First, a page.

I opened the CSV in Excel and was able to sort by “False” and find the users that had the attribute.

From what I understand, the msNPAllowDialin attribute should be “null” to allow NPAS to handle the authentication.

With this in mind, I was able to clean up the environment by running this Powershell command:

Get-ADUser -Filter "enabled -eq 'true'" -Properties Name,msNPAllowDialin | Where-Object {$_.contains('msNPAllowDialin') -eq $true} | Set-ADUser -Clear msNPAllowDialin

Alternatively, as described by this Microsoft Doc [A] I could have checked the option inside the NPAS settings for “Ignore user account dial-in properties”.

Discuss...

#Windows

I needed to repair an Office 365 installation on a PC that had UAC turned off. I ran into problems:

  • I couldn't switch users on a screenshare to open the GUI. So I needed to use the Command Prompt.

  • I couldn't remember the command to repair office in CMD.

I started looking.

Once I located the command on this page [A], I found the arguments I needed, but the path to the ClickToRun.exe file was pointing to an older version of Office.

Here's the updated command for repairing 64-bit Office 365 applications from the command line:

'C:\Program Files\Common Files\microsoft shared\ClickToRun\OfficeClickToRun.exe' scenario=Repair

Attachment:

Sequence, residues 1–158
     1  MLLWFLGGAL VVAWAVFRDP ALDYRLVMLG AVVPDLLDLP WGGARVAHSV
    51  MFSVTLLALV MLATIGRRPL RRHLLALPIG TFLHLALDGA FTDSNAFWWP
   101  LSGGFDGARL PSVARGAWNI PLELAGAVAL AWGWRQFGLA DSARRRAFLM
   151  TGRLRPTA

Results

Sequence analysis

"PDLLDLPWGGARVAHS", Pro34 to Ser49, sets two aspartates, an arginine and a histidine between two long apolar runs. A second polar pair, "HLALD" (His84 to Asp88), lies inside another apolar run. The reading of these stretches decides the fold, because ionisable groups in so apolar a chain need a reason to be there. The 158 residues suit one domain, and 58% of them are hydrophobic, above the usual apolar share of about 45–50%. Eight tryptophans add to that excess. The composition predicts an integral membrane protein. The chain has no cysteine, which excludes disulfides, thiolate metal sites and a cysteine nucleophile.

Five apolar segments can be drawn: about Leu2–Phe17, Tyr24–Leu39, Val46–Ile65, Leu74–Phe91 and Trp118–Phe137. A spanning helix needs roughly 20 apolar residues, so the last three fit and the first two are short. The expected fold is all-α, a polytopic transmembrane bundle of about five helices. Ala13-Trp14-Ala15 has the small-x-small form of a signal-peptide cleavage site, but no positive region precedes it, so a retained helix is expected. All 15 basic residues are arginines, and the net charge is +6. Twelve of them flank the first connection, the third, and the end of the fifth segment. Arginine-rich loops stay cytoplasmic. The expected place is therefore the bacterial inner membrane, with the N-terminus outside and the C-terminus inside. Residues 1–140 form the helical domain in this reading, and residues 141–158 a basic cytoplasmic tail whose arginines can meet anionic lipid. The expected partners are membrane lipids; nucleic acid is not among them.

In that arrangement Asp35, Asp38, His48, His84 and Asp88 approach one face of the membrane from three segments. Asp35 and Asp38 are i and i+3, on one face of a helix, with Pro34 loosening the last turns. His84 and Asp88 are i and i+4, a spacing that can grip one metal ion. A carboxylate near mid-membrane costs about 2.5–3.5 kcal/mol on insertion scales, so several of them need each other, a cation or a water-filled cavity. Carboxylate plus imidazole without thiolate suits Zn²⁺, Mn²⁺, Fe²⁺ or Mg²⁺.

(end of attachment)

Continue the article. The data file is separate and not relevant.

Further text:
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#Powershell #Exchange

I got a request to create a Dynamic Distribution List/Group in Exchange that was automatically populated based on the users' office location.

The requestor stated that they do not want to manage any additional O365 objects. I know how to do this in Azure AD with a Dynamic Assignment, but needed to figure out how to do this in Exchange Online.

Luckily, it's pretty easy.

You'll need the Exchange Online Powershell module before running the command.

Import-Module ExchangeOnline 
Connect-ExchangeOnline
New-DynamicDistributionGroup -Name 'Raleigh Staff' -Alias 'Raleigh.Staff' -RecipientFilter "(RecipientTypeDetails -eq 'UserMailbox') -and (Office -eq 'Raleigh')"

It might take a few minutes, but after running that command, you'll see it update in the Exchange Online portal and the query will add users to the List/Group.

Discuss...

#Powershell #Windows #Networking